“The most unusual item I think I have seen left at a checkpoint was a portable child’s potty at Dulles Airport,” said Farbstein. It was returned.”

Airports & airlines work hard to return lost items

As a recent NerdWallet study points out, the amount of luggage lost by airlines spikes during the holiday travel season.

But passengers do their fair share of losing things on airplanes and in airports year-round.

In 2011, for example, the lost-and-found department at Portland International Airport (PDX) logged nearly 16,000 misplaced objects. So far this year, passengers have left behind almost as many items, and the hectic holiday travel season hasn’t even begun.

And it’s not just cell phones, chargers, laptops and eyeglasses that distracted and exhausted travelers leave behind.

“We’ve had dentures, a spare tire, a live fish – in water – and a Crock-Pot with food still inside” turned in, airport spokesperson Kama Simonds told NBC News.

A quick review of the searchable database at San Diego International shows a colander, a piñata, a poster of a U-boat, handcuffs and scented, colored pencils among the items waiting for their owners’ retrieval.

At Denver International, items left behind have included chainsaws, a 60-inch flat screen TV and the back seat of a passenger van, spokesperson Laura Coale said.

“We do everything in our power to locate the person and connect them with their lost item,” Coale said. “If the item has a name or state listed on it, we will conduct a search for them. If cell phones are unlocked, we will call the last number and also look for an ICE [In case of emergency] contact,” she said.

Airports and airlines typically have a set time limit for how long an item will be retained. Southwest Airlines states that it will spend 30 days looking for a passenger’s lost item and once all efforts have been exhausted to find the owner of a found item, the item will be “salvaged” and all proceeds donated to charity.

Denver International stores items for 30 days. Beyond that, clothing is donated to Denver Human Services; everything else becomes surplus and goes to auction.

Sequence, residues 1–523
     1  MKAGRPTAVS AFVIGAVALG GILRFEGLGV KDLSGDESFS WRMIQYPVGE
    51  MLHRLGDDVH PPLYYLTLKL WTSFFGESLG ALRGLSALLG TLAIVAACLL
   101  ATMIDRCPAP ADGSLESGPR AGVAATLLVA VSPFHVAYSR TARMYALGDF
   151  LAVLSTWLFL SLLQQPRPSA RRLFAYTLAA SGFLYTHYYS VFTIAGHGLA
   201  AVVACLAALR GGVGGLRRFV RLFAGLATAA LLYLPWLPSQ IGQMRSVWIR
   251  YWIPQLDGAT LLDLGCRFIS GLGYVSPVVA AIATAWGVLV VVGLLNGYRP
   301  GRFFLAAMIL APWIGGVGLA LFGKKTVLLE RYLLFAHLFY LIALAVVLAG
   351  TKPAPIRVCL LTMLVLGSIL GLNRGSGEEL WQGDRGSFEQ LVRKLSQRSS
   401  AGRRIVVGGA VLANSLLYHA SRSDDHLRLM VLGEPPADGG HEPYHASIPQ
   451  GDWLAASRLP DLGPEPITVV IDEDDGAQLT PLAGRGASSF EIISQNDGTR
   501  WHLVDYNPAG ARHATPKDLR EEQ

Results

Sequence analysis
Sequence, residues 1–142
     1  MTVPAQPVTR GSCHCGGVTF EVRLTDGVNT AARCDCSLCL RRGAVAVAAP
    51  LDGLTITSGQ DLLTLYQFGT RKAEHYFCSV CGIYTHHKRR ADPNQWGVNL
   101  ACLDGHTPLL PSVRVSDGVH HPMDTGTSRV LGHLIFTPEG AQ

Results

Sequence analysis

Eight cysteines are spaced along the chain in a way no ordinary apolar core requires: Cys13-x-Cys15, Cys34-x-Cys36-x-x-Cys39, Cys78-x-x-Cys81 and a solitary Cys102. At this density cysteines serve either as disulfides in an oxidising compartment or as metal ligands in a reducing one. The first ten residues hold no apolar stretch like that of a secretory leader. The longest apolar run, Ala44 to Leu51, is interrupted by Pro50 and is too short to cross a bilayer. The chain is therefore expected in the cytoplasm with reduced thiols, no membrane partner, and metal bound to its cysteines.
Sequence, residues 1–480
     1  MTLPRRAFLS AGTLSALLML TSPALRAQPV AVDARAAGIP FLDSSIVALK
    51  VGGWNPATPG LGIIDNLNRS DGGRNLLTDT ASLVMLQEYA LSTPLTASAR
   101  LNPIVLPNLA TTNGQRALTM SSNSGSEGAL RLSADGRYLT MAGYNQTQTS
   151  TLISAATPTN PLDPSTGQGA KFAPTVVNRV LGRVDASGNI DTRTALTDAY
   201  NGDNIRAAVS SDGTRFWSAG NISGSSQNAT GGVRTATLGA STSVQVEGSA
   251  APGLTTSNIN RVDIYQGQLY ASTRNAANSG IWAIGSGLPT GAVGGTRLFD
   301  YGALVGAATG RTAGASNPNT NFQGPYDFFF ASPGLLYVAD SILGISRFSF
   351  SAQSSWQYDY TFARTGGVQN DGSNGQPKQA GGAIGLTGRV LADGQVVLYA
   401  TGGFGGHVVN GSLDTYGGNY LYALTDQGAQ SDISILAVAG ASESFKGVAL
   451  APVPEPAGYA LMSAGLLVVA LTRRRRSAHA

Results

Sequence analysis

The Transportation Security Agency also has a 30-day time limit for items left at airport security checkpoints. After that, items are shipped to a state-by-state designated collection facility and “are considered nonreturnable,” said spokesperson David Castelveter. Travelers who have left something behind should “contact the lost-and-found number for the respective airport.” Start by calling TSA (866-289-9673) or looking for a specific lost-and-found contact on its website.

Acting fast is essential, but figuring out where you may have lost something and where to file a claim can be confusing. Items lost on airplanes (and sometimes in gate hold areas) are delivered to the airlines. In some airports, such as PDX, items left at TSA checkpoints and on shuttle buses are brought to a central office; in other airports everything is kept separate. Some large airports have sophisticated, searchable databases; others require that you file a claim with a phone call or e-mail, and keep calling back to see if your item has been found.

Websites such as AirportLostandFound.com – which currently displays details for several lost Kindles, a pair of customized earplugs and more than 200 other lost items – promises to search for matches in the lost-and-found databases of multiple airports and airlines as well as those of food and retail outlets within airports. If they find your item, the site will try to organize a reunion, but there may be a fee.

As the busy holiday travel season approaches, here are a few basics for finding your stuff – and not losing it in the first place.

  • Identify cell phones, laptops, books, raincoats and other items with information (phone number, address sticker) that will help someone return a found item.
  • Don’t put anything in the seatback pocket of an airplane. It’s just too easy to leave something behind.
  • If you lose something, act fast. Retrace your steps, call in or log a claim with the airport and the airline as soon as possible.
  • Don’t give up hope. It may take a few days for an item to be found, turned-in and logged into a database.

(My article: Airports & Airlines work hard to return your lost items first appeared on NBC NEW Travel)